Le Marais :
Un village au bord de la Seine
Sidney Morning Herald. The Age. Jane Peach reports.
The pre-revolutionary Marais quarter is a microcosm of the treasures
that make Paris, well, Paris.
Sunday afternoon in the Marais. I'm sipping jasmine tea at Mariage
Freres, an elegant salon de the where Parisian chic meets colonial
ambience. Waiters in cool, white linen waft by with steaming pots,
tarts and plump, golden madeleines.
Amid a cloud of tea dust, the boutique next door is thronged with
customers sniffing deeply into cavernous black caddies. Vendeurs scoop
exotic flavours into stylish packets. Up the creaky stairs is the
quirky Musee du The.
The Mariage family, France's oldest importers of tea, have lured tea
lovers with their heady brews on a quiet back street in Paris since
1854. The choice is startling, with around 500 varieties from 22
countries. "Which is your favourite?" I ask the waiter. "Ca depend," he
pouts, tweaking his white bow tie, "On the hour, the season, the mood "
Like Mariage Freres, the historic Marais quarter on Paris' Right Bank
offers an exhilarating bouquet of aromas and flavours. Laced with
enough tang and zest to make it irresistible, the neighbourhood - just
minutes from the Pompidou Centre and across the river from Notre-Dame
Cathedral - has something for every time and taste.
Life, art and culture pour from the Marais' overflowing cup
in a rich stream that splashes the cobbled streets with colour. The
area is swamped with boutiques, lively bars, bistros and galleries.
et blending into modern life are the
remnants of a vivid past that
transport the senses. Follow the ancient street signs engraved in
stone. Explore mediaeval alleyways. Push open doors leading to romantic
courtyards. Add a fairytale dusting of lavish "hotels particuliers"
(private town mansions) with gilded gates and graceful gardens, and the
is the best of Paris distilled into a strong, seductive brew that will
leave you thirsty for more.
The area claims most of the 3rd and 4th arrondissements, bordering Les
Halles and extending to Place de la Bastille. Lying just outside the
original 1180 city wall, the district began as marshland (Marais
meaning marsh), scattered with kitchen gardens. Gradually growing in
popularity, the area reached its peak in the 17th century when Henry IV
built Place des Vosges, and it became "a la mode" with country gentry
desiring a hotel particulier in Paris.
But then came the Revolution - the aristocrats lost their beautiful
mansions, along with their heads, and the Marais fell into ruin. By
the Industrial Revolution, artisans and the working class moved in,
mansions were partitioned into workshops and many were destroyed.
Only in the past 20 years has the Marais been back on the boil, thanks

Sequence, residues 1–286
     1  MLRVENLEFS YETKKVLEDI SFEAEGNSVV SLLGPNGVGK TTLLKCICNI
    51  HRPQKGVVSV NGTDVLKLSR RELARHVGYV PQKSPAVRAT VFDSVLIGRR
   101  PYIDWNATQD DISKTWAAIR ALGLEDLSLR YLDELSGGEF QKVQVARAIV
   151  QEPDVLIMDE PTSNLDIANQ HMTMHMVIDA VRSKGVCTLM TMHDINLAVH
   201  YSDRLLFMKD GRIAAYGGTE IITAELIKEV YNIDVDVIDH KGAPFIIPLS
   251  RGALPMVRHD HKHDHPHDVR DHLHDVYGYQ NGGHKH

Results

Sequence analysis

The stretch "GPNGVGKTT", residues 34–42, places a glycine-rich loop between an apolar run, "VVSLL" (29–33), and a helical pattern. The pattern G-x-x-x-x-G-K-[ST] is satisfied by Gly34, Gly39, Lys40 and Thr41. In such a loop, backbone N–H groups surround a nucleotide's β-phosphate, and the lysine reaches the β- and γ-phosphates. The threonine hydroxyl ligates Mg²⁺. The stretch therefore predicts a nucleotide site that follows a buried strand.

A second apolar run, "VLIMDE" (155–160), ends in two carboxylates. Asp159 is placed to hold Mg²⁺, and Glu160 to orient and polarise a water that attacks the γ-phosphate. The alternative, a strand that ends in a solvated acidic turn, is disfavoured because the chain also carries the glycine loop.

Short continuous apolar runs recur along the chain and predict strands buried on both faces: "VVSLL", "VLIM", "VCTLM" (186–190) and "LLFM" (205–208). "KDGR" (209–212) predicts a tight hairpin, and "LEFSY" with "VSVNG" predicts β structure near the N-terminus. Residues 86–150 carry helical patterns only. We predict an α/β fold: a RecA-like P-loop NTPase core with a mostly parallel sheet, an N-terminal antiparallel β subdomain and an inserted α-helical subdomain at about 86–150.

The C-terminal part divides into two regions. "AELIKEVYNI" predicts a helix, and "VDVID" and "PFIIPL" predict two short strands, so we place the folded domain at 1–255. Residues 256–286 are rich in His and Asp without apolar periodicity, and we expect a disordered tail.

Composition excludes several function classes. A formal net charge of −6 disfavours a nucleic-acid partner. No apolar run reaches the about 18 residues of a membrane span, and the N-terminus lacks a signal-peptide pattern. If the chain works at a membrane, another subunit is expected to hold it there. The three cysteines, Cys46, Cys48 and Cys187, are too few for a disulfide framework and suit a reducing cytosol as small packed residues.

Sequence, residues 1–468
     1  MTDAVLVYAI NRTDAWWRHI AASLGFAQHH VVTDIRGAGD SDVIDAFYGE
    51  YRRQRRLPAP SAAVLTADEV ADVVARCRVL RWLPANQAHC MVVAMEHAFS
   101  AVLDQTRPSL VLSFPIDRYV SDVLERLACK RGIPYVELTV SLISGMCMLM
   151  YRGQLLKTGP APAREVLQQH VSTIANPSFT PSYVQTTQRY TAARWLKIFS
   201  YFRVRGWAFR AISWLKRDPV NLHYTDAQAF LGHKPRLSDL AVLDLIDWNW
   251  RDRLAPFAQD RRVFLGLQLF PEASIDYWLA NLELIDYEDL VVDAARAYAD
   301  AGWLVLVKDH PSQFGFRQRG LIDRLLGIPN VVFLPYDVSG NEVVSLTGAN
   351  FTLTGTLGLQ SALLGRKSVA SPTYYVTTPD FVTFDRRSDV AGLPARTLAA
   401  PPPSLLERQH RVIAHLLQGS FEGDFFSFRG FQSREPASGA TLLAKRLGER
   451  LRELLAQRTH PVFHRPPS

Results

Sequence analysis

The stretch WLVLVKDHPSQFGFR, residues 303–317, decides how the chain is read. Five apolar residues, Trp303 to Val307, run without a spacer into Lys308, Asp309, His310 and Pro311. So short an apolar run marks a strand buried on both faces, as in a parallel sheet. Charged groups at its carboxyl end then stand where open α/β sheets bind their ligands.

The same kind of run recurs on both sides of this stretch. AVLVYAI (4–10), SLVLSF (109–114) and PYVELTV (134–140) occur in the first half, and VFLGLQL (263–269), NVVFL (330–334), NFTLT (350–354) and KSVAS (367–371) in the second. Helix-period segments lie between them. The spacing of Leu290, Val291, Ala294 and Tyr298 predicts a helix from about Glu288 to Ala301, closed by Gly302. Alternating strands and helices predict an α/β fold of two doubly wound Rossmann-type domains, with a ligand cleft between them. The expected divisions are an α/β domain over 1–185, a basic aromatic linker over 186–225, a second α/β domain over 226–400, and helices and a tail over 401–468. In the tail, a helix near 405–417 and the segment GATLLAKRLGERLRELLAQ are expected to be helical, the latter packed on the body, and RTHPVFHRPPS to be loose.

to a preservation order. While a clutch of mansions remain privately
owned, many have been estored to their original grandeur and converted
into small, intriguing museums that offer a refreshing alternative to
long lines at Le Louvre. Today, the ancient village is perhaps the best
example of pre-revolutionary Paris where the savvy traveller with
rationed time can effortlessly combine culture with commerce, while
drinking in the essence of the city.
This inspiring neighbourhood draws a creative crowd and an eclectic
bunch of young professionals who dally on the cafe terraces and live in
the small, crooked apartments above.
It is also home to gay Paris. By the nature of its residents, the Marais is not an early riser.
Weekend mornings are particularly quiet, with no more activity than
a reluctant trek to the boulangerie or visit to the nearest cafe for a
petit noir. But by Saturday afternoon, footpaths throb as locals emerge
to meet friends for a drink, slip into a museum or two and scan their
favourite stores. Sunday, too, the streets are alive, the Marais being
one of the few quarters open for Sunday trading.
Comprising a rich ethnic mix, this unique pocket also houses the
remains of the old Jewish quarter, wrapped tightly in the Marais' core.
Jews first settled here in the 1300s, with a large influx from eastern
and central Europe around the turn of the 20th century. Sephardic Jews
from North Africa moved in more recently.
The community's main thoroughfare is the lively rue des Rosiers, a
jumble of kosher butchers, Jewish bakeries, fascinating groceries and
bookshops. Orthodox Jews yarn on the street and slip into Hamman St
Paul for a steam bath. Crooked stairways lead up to hidden synagogues.
Along the length of the narrow street, falafels dripping with hummus
are constructed at lightning speed and poked through takeaway windows
to waiting hands.
Stop at Sacha Finkelsztajn's for a dreamy square of cheesecake or slice
of strudel. Pass by Jo Goldenberg's legendary delicatessen. Peer into
restaurants and you'll see plates laden with Middle Eastern delicacies
and menus offering corned-beef and chopped liver. Come for Sunday lunch
to really soak up the atmosphere.
Squeezed between the kosher butchers are a handful of original fashion
boutiques, making rue des Rosiers as much a fashion zone as home to the
Jewish community. Among the boutiques is "Martin Grant" - Paris' first
Australian couture outlet.
Stray on to the rue des Francs-Bourgeois and you'll tumble into a world
far removed from freshly baked bagels. Footpaths buzz with
locals juggling shopping bags. It is one of the major streets slicing
through the area and is crammed with chic boutiques and stylish home
decoration and gift stores. Goblets and candlesticks sit among
bouquets of flowers at Les 2 Mille Feuilles. Collectors pour over old
postcards, flick through vintage posters and antique French photographs
at A l'Image du Grenier sur l'Eau. Don't miss 2 Mille & 1 Nuits,
with Moroccan and Arabian treasures, and Villa Marais doused with
flair. While you could spend all day shopping on rue des
be sure to explore the swag of skinny side streets for tiny
boutiques and dusty curiosity shops.
A good spot to plonk down your packages and enjoy a casual lunch is
Camille. This authentic bistro with friendly waiters offers regional
wines by the pichet, a traditional plat du jour and classic dishes like
salade de chevre chaud and magret de canard. Try the creme brulee for
dessert or a bowl of Berthillon, the most celebrated icecream in Paris.